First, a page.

ThunderStruck: The Love/Hate Relationship With Hulk Hogan

When you think of pro wrestling, Hulk Hogan comes to mind in an instant. Without a shadow of a doubt, Hulk Hogan is the most iconic figure in the history of the business. Putting those facts aside, I’d like to discuss Hogan’s career as a whole and talk about the reasons that I admire and respect the man. After we take that stroll down memory lane, I want to discuss some of the problems that I have with the Hulkster. Off we go!



5 Reasons I Love Hulk Hogan:

The Business – Hogan arrived on the scene as something entirely different with his bright yellow trunks, and in January of 1984 he changed the business. After winning the WWE Championship from the Iron Sheik, Hulk helped take pro wrestling into the mainstream. The then WWF began partnering with MTV for various projects; Hulk took on dozens of national media appearances, and he even started taking roles in Hollywood films. People who had viewed pro wrestling as “the guys who bounce around in their underwear and beat each other up” began to take more notice and couldn’t help but become caught up in who might try to take the belt next from the Hulkster. On top of that, you had the cartoon show(Hogan’s Rock N Wrestling) started by the WWF that featured Hulk and other WWF Superstars. The company went through a drastic change in the 1980s and it a lot of that can be credited to this one individual.

WrestleMania – Even with the WWE having record numbers in terms of WrestleMania buys each year, no WM event had more fans in attendance than the third annual event held in the Pontiac Silverdome. Detroit, Michigan hosted what is still known as the most attended WM to date. How does that seem possible? You can obviously attribute the fact that the United States only has smaller sized stadiums compared to other countries like Japan, but in 1987 Hulk Hogan had made the WWF so popular that you couldn’t stop yourself from being interested in whether or not Andre the Giant would stop the immortal one. There’s absolutely no way that the concept of WrestleMania as a whole would have been such a success without Hulk Hogan being advertised for the show. Is Hulk Hogan’s popularity making WrestleMania the powerhouse that it’s become today something that’s noteworthy in the history books? Of course it is!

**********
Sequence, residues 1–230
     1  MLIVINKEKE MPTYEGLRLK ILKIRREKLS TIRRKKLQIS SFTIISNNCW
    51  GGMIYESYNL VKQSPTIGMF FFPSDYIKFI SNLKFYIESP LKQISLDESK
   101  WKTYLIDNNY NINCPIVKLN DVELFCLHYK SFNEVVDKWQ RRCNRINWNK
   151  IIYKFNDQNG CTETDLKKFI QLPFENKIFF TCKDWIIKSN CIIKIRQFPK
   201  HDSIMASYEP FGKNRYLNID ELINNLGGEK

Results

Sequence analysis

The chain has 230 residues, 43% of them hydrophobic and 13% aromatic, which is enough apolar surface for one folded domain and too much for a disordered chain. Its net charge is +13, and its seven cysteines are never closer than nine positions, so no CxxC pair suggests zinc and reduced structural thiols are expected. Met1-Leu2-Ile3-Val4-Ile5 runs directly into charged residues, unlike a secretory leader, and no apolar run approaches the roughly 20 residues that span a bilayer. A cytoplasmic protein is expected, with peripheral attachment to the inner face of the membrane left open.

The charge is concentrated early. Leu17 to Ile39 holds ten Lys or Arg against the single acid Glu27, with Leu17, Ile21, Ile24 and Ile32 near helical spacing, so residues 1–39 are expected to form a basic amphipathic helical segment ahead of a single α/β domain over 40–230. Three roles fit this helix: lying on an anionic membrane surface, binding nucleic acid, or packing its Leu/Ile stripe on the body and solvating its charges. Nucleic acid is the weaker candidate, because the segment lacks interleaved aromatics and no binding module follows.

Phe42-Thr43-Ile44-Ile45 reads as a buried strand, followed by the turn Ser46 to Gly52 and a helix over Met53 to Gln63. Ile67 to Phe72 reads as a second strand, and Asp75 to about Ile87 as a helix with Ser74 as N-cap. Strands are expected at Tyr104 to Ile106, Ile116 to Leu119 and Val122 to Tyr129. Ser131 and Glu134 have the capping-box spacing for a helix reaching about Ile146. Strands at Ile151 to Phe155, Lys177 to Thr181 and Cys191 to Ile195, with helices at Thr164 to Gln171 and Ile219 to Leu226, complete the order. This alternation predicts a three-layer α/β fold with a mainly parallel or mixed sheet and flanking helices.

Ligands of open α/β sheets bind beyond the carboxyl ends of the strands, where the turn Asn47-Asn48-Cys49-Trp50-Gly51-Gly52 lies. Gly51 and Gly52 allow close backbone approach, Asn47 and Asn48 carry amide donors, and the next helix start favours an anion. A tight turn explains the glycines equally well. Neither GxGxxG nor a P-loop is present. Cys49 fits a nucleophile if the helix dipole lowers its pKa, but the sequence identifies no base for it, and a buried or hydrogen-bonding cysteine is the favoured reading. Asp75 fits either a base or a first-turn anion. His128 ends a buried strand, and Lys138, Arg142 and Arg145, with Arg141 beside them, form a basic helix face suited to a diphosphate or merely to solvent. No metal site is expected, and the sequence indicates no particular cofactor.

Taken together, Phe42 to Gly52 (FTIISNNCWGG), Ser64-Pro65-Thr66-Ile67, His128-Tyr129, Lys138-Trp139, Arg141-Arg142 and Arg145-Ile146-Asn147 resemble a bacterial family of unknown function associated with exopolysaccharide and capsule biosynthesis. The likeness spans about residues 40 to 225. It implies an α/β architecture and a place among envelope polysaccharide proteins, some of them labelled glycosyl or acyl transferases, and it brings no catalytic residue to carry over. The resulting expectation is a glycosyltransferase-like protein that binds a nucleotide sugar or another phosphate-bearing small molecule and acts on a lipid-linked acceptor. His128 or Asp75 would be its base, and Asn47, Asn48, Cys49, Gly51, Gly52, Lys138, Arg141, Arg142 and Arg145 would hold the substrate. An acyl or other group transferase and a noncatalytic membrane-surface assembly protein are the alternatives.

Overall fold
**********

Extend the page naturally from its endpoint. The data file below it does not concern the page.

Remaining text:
Wrestling Ability – Let’s face it; the Hulkster has never been much of a technical artist in the ring. However, watching a Hulk Hogan match from the 80s and early 90s, you start to notice exactly how this guy managed to make matches exciting without doing a whole lot. Hulk worked the crowd better than anyone I’ve ever seen. Keeping the crowd involved with his every move and exaggerating his emotions is what kept you interested in his matches. So simple, but so brilliant. With such limited wrestling ability, it’s absolutely amazing to look at Hogan’s career and what he’s accomplished. How can you not applaud someone for such a feat?

New World Order – When you look back on the nWo in WCW, you can obviously see the flaws and where it went wrong. However, when you look at it from the perspective of the fans while it was going on, it was pretty darn cool. You didn’t know what to expect each week, and the launch of that particular storyline is what made World Championship Wrestling the number one company in the world(even it was for just a short period of time). Hogan’s heel turn was fresh, and he could play the heel just as well(if not better) as he could the face role. I honestly don’t believe the nWo would’ve experienced the same success without the icon known as Hulk Hogan, because at the time there wasn’t a bigger face in the business that you could turn heel and get that big of a reaction from the audience. The nWo was easily the best thing WCW ever did and, despite playing a part in the downfall of the company, was the most exciting thing you could’ve witnessed as a wrestling fan in the mid 1990s.